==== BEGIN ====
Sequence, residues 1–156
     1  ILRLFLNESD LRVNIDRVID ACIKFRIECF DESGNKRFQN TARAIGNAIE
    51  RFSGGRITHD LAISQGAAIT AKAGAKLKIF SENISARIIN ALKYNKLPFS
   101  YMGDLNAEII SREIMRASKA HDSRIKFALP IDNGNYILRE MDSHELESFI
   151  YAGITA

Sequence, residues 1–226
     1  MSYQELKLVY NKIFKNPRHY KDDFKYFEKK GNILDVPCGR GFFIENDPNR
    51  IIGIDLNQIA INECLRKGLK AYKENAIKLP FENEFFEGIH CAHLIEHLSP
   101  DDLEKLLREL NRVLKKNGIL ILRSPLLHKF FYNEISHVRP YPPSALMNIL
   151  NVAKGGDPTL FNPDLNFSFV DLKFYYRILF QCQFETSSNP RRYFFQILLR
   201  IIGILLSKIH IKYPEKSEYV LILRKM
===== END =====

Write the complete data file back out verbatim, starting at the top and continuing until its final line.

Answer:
Sequence, residues 1–156
     1  ILRLFLNESD LRVNIDRVID ACIKFRIECF DESGNKRFQN TARAIGNAIE
    51  RFSGGRITHD LAISQGAAIT AKAGAKLKIF SENISARIIN ALKYNKLPFS
   101  YMGDLNAEII SREIMRASKA HDSRIKFALP IDNGNYILRE MDSHELESFI
   151  YAGITA

Sequence, residues 1–226
     1  MSYQELKLVY NKIFKNPRHY KDDFKYFEKK GNILDVPCGR GFFIENDPNR
    51  IIGIDLNQIA INECLRKGLK AYKENAIKLP FENEFFEGIH CAHLIEHLSP
   101  DDLEKLLREL NRVLKKNGIL ILRSPLLHKF FYNEISHVRP YPPSALMNIL
   151  NVAKGGDPTL FNPDLNFSFV DLKFYYRILF QCQFETSSNP RRYFFQILLR
   201  IIGILLSKIH IKYPEKSEYV LILRKM